Mira Wilkins, the foremost authority on foreign investment in the United States, continues her magisterial history in a work covering the critical years 1914–1945.
Wilkins includes all long-term inward foreign investments, both portfolio (by individuals and institutions) and direct (by multinationals), across such enterprises as chemicals and pharmaceuticals, textiles, insurance, banks and mortgage providers, other service sector companies, and mining and oil industries. She traces the complex course of inward investments, presents the experiences of the investors, and examines the political and economic conditions, particularly the range of public policies, that affected foreign investments. She also offers valuable discussions on the intricate cross-investments of inward and outward involvements and the legal precedents that had long-term consequences on foreign investment.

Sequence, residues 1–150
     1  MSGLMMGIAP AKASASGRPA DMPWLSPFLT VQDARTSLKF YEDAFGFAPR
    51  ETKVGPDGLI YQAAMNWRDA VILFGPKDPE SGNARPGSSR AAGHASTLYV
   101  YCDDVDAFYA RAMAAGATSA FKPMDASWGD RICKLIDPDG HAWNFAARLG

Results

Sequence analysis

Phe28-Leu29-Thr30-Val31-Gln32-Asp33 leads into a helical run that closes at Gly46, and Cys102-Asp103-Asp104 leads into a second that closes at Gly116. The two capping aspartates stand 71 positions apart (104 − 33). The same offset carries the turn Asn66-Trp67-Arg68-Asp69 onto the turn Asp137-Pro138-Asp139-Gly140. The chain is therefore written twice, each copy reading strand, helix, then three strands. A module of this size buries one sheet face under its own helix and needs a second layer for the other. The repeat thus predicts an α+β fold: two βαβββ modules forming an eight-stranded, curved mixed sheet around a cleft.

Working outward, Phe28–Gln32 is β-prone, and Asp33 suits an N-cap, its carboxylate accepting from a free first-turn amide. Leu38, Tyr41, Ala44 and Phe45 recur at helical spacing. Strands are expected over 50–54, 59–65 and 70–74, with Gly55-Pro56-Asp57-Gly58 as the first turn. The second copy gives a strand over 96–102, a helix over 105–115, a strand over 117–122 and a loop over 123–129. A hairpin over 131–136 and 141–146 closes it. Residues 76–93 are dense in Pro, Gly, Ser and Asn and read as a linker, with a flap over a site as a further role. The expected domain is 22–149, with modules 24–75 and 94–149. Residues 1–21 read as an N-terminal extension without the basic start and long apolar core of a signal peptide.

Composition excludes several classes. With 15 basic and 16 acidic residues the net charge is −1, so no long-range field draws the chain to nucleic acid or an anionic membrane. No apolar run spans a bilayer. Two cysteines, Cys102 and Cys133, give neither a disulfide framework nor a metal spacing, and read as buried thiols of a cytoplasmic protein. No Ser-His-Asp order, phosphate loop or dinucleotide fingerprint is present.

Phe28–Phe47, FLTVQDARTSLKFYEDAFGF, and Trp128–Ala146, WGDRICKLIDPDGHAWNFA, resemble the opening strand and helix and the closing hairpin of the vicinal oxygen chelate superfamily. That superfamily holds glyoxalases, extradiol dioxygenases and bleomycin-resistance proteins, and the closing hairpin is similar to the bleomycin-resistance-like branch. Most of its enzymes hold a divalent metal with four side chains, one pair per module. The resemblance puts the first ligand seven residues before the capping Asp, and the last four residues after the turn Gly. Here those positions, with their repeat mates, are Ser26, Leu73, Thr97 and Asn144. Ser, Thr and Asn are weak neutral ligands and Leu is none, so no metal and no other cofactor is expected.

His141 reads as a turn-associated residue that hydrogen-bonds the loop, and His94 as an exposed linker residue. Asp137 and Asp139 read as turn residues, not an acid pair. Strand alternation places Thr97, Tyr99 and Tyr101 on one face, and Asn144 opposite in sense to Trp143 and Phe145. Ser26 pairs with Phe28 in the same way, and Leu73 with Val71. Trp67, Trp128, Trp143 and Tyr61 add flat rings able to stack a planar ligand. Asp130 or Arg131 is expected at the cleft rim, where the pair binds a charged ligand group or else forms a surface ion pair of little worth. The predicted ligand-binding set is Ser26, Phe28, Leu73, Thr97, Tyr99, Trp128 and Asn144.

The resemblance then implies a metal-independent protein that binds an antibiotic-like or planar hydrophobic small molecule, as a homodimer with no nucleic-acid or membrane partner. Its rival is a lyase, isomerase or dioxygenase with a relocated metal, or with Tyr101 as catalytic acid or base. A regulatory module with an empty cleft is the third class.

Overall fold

At the start of World War I, the United States was a debtor nation. By the end of World War II, it was a creditor nation with the strongest economy in the world. Integrating economic, business, technological, legal, and diplomatic history, this comprehensive study is essential to understanding the internationalization of the American economy, as well as broader global trends.